From watercolour to pastel

 
 

Introduction

Watercolour is a beautiful, expressive medium. I did a watercolour up north in the autumn some years ago to capture the early morning sun on Lake Couchiching, the moisture still hanging in the air. I felt good about the finished work and left it for a long while. Then one day, I came upon it while cleaning up my studio files and decided to use dry pastel to express the same mood.

 

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  Work in Progress
  The original work was on 190lb cold press Arches watercolour paper. The paper had enough
  tooth to hold pastel as long as no more than three layers were used.

  To see the difference between the two mediums, I marked off only part of the area for the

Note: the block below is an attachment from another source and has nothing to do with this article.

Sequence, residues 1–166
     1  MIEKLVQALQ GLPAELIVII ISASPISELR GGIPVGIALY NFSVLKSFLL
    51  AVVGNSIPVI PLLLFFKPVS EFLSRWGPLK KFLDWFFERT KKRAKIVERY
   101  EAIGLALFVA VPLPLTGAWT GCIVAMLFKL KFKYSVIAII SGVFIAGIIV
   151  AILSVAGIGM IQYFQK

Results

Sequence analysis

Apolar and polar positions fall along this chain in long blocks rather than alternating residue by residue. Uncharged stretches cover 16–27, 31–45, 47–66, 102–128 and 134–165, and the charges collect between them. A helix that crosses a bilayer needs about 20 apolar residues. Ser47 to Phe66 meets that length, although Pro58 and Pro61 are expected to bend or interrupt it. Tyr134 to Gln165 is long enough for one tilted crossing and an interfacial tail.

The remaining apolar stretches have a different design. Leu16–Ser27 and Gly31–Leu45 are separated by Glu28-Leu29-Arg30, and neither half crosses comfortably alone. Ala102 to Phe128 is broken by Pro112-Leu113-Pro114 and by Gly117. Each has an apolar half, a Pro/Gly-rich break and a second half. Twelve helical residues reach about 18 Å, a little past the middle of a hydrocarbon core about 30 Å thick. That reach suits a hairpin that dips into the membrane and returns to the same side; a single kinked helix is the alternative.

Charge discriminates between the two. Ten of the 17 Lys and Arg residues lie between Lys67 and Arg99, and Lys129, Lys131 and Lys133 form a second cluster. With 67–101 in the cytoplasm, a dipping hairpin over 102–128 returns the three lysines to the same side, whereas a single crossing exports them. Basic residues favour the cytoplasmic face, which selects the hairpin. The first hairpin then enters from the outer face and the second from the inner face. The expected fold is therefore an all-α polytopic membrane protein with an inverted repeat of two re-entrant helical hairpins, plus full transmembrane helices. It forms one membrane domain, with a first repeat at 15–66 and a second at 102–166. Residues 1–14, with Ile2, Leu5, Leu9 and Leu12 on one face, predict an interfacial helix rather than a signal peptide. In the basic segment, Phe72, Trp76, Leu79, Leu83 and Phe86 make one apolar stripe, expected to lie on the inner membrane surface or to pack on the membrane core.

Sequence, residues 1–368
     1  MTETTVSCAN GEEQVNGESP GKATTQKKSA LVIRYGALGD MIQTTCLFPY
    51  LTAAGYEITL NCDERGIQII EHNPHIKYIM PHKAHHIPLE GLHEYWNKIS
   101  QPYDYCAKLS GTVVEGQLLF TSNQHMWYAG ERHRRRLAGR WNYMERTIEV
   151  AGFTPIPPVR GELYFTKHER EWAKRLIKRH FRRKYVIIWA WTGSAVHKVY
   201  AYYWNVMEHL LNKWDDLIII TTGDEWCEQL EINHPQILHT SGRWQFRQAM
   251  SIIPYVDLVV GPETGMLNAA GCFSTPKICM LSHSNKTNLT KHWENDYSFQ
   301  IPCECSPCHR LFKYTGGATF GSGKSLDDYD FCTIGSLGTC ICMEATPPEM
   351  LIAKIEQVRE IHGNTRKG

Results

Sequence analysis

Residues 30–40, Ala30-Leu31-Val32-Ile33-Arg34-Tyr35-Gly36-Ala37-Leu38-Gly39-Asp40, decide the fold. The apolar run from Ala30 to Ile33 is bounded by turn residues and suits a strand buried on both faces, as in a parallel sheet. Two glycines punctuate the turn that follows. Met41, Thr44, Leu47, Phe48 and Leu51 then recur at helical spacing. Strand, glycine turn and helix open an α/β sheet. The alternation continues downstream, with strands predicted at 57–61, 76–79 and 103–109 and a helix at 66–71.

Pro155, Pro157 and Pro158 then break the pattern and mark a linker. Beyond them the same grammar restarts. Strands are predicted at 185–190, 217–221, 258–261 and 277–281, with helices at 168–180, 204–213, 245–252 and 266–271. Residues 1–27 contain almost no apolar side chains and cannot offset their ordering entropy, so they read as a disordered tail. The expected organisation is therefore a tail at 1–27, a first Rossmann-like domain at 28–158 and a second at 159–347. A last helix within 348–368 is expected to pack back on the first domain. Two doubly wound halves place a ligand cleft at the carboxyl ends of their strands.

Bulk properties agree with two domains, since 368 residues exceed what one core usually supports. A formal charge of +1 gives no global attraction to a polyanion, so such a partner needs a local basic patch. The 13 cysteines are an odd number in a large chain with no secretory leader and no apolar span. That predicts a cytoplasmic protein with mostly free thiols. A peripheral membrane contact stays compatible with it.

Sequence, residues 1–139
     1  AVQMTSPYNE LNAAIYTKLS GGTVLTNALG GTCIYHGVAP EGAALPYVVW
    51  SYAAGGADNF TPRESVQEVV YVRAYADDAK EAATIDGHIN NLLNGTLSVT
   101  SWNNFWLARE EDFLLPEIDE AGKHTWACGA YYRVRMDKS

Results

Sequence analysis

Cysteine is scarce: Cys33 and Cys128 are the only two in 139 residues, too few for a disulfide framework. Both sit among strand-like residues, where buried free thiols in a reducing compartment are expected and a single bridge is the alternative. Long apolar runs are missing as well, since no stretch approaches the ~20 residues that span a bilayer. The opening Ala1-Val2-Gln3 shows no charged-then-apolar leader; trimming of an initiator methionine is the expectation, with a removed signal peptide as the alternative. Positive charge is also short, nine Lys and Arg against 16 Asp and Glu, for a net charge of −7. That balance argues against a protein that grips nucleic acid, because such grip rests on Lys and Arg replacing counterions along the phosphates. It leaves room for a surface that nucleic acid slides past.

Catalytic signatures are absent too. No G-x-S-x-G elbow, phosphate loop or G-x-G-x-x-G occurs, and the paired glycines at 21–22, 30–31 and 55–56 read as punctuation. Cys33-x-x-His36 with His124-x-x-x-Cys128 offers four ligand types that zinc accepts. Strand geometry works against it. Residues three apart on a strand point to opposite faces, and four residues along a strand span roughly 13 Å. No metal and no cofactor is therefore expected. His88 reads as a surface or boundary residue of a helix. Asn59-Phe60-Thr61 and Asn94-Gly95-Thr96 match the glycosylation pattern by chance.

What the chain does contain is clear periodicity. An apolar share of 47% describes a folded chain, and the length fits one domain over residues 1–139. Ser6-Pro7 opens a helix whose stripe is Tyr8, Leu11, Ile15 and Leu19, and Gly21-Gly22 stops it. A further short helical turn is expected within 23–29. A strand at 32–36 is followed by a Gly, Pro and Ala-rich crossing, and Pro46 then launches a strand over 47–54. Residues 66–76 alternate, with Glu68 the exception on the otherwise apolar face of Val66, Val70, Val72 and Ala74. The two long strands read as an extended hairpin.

application of pastel. To gain depth of colour, I applied the very darkest colours first and went
  over the area with mineral spirits. In other areas, I allowed the watercolour paint to
  remain as the ground so the original colour would show through the next layers of pastel as
  I continued to work.

 

   

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  Finished Work  
  The finished work in pastel still had the mood I was after but radiated more atmosphere and  
  packed a colour punch. The beautiful reflective quality of pastel was not absorbed into the  
  paper as in the case of watercolour. The rich glowing colours sang clear and strong yet  
  retained the subtle mood of the early morning scene.190 or 300 lb watercolour  
  paper are a beautiful support for pastel, providing a wonderful and interesting texture. Just  
  remember, the tooth does not hold as much dry pigment as sanded papers. It can take  
  liquid applications as well, but taping the paper is recommended to avoid rippling. 

 


     

 

 

 

 
 


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